Infrastructural challenges could derail India’s aggressive renewable energy efficiency policies, says a new report
India has aggressive renewable energy targets and industry energy efficiency policies, but faces significant infrastructure challenges which may derail the otherwise good policy, according to a new report by Climate Policy Initiative (CPI), a U.S.-based global policy effectiveness analysis and advisory organisation.
The report titled ‘The Policy Climate’, which was released recently, says that despite growing rapidly, India represented eight per cent of the increase in global energy-related CO2 emissions between 2000 and 2010, while China’s percentage in the same period stands at 68 per cent.
The report finds that in China, closure of inefficient coal-fired power plants saved the equivalent of more than 100 million tonnes of coal, while renewable electricity grew 661 per cent between 2000 and 2010. Still, renewable electricity sources in China only produced the equivalent of 0.68 per cent of the electricity from conventional sources by the end of 2010.
In India, as with China, most new energy generation since 2000 came from conventional sources (particularly coal), though the past decade saw exponential growth in renewable energy generation (especially wind, which grew 1,250 per cent from 2000-2010). The report says that implementation of policy relevant to climate change and its impact accelerated markedly over the last decade, despite the slow pace of international climate negotiations. The study presented three decades of evidence from five key economies — India, China, Brazil, the European Union (EU) and the U.S. which together contain slightly more than half of the world’s population and account for nearly two-thirds of global greenhouse gas emissions.
In the U.S. and India, renewable energy targets have been given to the States, even as the national governments develop policies to incentivise it while China experiments with special economic zones, incentives, and regulation for its low carbon cities and low carbon provinces, according to the report. In India, both emissions and power generation have increased dramatically, more than doubling in 15 years, the report points out.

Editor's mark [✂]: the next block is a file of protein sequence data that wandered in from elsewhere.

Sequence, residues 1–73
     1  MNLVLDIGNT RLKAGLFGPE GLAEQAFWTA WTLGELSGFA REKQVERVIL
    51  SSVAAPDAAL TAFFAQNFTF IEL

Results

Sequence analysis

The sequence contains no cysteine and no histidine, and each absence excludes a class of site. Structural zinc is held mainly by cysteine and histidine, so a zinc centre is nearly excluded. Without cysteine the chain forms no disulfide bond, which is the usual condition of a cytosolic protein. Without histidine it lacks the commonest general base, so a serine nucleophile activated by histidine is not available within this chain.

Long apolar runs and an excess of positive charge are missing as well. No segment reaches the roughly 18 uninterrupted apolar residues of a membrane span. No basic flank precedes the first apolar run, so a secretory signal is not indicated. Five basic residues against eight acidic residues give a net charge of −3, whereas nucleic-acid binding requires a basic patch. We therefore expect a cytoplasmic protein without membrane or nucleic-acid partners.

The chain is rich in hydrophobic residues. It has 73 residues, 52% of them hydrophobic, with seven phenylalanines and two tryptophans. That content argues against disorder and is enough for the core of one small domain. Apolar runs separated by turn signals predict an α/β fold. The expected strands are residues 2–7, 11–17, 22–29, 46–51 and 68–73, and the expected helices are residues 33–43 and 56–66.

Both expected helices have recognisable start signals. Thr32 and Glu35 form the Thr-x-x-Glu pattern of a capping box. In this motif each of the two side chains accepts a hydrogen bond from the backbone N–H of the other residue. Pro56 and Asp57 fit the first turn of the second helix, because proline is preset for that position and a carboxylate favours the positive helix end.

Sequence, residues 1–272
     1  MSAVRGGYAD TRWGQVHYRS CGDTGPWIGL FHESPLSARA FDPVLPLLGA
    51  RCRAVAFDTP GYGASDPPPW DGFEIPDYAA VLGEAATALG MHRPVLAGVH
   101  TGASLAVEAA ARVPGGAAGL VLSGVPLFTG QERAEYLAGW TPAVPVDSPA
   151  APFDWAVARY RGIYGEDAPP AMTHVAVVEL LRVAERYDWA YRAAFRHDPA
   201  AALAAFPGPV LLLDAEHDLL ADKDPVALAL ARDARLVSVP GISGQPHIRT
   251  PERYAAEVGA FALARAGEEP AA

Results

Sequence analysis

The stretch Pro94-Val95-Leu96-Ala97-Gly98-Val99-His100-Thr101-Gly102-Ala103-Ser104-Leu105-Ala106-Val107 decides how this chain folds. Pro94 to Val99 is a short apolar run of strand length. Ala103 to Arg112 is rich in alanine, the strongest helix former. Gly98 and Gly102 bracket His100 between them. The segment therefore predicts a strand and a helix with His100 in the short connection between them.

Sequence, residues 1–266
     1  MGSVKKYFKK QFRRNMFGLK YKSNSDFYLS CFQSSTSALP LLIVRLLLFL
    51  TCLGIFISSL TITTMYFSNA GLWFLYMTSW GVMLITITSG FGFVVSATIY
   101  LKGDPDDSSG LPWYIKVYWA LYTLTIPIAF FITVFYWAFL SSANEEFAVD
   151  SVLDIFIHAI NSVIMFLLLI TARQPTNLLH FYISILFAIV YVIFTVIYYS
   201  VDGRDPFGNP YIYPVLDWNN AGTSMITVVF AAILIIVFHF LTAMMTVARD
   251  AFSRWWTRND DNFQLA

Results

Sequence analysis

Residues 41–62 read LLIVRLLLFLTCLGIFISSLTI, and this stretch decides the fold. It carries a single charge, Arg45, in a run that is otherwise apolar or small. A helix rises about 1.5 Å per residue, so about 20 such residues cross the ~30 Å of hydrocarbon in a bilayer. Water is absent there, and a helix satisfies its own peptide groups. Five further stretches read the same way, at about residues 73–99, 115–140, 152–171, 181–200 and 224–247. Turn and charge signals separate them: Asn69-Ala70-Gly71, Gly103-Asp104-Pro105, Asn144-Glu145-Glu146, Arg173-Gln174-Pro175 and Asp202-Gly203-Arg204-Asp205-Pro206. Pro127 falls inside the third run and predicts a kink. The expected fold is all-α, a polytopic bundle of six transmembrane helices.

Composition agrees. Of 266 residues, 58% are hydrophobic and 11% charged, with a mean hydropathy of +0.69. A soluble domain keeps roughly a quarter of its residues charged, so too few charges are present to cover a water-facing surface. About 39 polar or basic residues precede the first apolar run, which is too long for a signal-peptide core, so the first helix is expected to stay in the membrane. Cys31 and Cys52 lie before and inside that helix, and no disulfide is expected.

From 2005-2010, Indian States phased in Renewable Portfolio Obligations for their electricity markets. As of 2010, these State-wide targets translated to an approximate 5.5 per cent nationwide target for renewable energy.
Since the early 1990s, industrial productivity has tripled, but emissions have gone up by about 70 per cent and while the Indian industry largely improved its efficiency, performance at a sectoral level was mixed. The steel industry emissions intensity increased due to an increase in primary steel production v/s scrap, the report notes.
The good news is that in 2012, India was the world’s fourth-largest market for new wind power projects, it has ambitious solar energy targets, and it has significant government programmes focused on energy efficiency (Global Wind Energy Council 2012). On the flip side, the report says that because it is also about improving energy security, reducing energy imports, improving the nation’s balance of payments, creating new and profitable industries, India also pursues the largest build-out of coal-fired power plants, coal mining, and related infrastructure anywhere outside of China.
The report says that India’s climate policy challenge, and one shared by the other rapidly developing countries in this study, is to ensure that it can realise the full long-term economic benefits of low-carbon development, without sacrificing short-term growth. However, the policy change is confounded by the state of the Indian economy and the immature financial markets in India, by differences between the Indian states, by the democratic imperative to develop policy that is fair to all, while limiting opportunities for corruption.
Outlining the challenges of low-carbon development in India, the report says that the particulars of the Indian economy and financial markets change the way policy will act and this could make low carbon investment more difficult.
The key sectors driving emissions in India are power, industry, and agriculture, the report says. Rapid growth in electricity demand mirrored rapid economic growth in China and India. In both countries, the most readily available source of indigenous fuel was coal. China was better at exploiting its coal resources, while India had to rely on imports.
However, agricultural emissions have increased, driven mainly by an increase in fertiliser use. For India as well as Brazil, exports might have driven increased cropland expansion or agricultural intensification. Despite rising fertiliser use, nitrous oxide emissions didn’t rise dramatically, the report adds. Regrettably, while agriculture and forestry are important emission sources in India, there is little policy focus on these sectors.